The point of view in "The Adventure of the Speckled Band," as in other Sherlock Holmes stories, is first person limited. Specifically, the narrator, Dr. John Watson, is a first person witness narrator: he is telling a story which he has personally witnessed, rather than one that has been told to him by someone else. However, he is not the protagonist telling his own story but rather a character close to the main character whose function is to observe that character at work and record the details of his cases.
The structure of Watson's narration relies upon the idea that he is writing these stories for publication in The Strand. As such, we could argue that Watson's perspective is not so much limited as it is unlikely to be completely accurate; he is editing his story for a specific audience. This story, also, is said to have happened "in the early days of my association with" Sherlock Holmes, so it does not have the immediacy it might have if the narrator was recounting recent events. In considering first person points of view, we should assess how far the narrator is reliable or unreliable and how much he is likely to understand about the events he describes. In Watson's case, he is a witness to the story, but the distance of time may have blurred the true facts. He is also, for a period in this story, retelling the words of someone else: Helen Stoner.
While the frame narrative of the story is narrated by John Watson, there is also a section within this story which is narrated by Helen Stoner, as she tells her own story. Interjections from Holmes and Watson keep this narrative tethered to the frame narrative, told by Watson, but at these points, Watson becomes a narrator retelling somebody else's words.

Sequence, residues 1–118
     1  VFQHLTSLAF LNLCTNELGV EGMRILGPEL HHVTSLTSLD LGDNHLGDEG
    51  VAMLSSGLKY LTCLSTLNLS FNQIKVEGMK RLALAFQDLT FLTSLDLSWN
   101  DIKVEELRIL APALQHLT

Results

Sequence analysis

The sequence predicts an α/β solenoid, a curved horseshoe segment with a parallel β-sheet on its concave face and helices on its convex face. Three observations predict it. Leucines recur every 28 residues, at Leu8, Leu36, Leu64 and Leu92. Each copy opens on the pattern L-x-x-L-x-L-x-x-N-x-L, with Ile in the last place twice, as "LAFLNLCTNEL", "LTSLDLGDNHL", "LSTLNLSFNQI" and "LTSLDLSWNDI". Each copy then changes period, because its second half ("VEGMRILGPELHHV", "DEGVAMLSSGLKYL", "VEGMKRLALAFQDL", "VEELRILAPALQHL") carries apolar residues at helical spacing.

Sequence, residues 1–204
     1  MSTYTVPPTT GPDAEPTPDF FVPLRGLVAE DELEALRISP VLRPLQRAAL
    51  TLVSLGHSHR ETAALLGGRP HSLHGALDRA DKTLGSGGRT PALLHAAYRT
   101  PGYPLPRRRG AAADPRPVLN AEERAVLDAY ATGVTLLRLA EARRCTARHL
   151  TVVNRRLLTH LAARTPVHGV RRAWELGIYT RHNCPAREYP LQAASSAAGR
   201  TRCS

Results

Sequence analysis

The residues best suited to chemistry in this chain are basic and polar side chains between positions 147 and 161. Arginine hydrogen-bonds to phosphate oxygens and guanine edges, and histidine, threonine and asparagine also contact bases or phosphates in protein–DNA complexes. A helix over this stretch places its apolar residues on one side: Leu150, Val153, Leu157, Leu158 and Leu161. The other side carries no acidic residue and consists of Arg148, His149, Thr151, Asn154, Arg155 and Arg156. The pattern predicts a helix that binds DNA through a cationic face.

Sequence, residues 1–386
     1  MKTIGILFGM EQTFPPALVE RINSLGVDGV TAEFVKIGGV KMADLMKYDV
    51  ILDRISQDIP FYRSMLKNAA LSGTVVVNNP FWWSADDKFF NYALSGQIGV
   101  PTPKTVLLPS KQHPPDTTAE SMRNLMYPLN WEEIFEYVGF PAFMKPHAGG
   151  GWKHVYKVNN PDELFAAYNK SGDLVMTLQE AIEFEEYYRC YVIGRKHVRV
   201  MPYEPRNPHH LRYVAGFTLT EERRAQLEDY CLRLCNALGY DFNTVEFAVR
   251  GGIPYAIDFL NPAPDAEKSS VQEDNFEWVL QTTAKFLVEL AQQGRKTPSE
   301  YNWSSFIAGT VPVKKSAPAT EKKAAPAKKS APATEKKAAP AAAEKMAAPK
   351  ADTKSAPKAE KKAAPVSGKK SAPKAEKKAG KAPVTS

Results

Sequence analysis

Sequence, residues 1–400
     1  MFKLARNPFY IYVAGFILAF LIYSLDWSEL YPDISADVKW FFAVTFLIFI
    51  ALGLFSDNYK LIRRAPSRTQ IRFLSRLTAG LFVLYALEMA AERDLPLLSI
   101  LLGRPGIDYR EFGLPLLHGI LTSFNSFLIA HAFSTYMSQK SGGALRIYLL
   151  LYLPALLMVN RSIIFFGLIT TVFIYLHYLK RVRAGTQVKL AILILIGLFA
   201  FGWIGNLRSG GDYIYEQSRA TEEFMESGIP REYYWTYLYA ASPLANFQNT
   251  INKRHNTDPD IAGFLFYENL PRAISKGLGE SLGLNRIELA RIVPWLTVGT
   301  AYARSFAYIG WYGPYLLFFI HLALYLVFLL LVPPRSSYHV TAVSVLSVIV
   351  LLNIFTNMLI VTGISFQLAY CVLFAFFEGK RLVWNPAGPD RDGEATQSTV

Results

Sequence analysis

Dr. John Watson, Sherlock Holmes's friend and assistant, narrates "The Adventure of the Speckled Band" in first person. This is the typical technique Conan Doyle adopts for the Holmes stories, although he does write a handful either in the third person or in Holmes's own voice. First person narration is generally well-suited to the mystery genre because (in contrast to, for example, third person omniscient) its perspective is necessarily limited; the narrator (usually) does not know any more than the reader does, which is handy for a genre that relies on delivering a surprise ending. This is also why Watson generally makes for a more compelling narrator than Holmes; Holmes's brilliance as a detective requires him to "know" the mystery's solution well before the ultimate reveal, which could obviously spoil the ending for readers. Watson, by contrast, is just as in the dark as Conan Doyle's readers, though he often adds to the story's suspense by observing and interpreting Holmes's behavior (e.g., "I had never seen my friend’s face so grim or his brow so dark as it was when we turned from the scene of this investigation").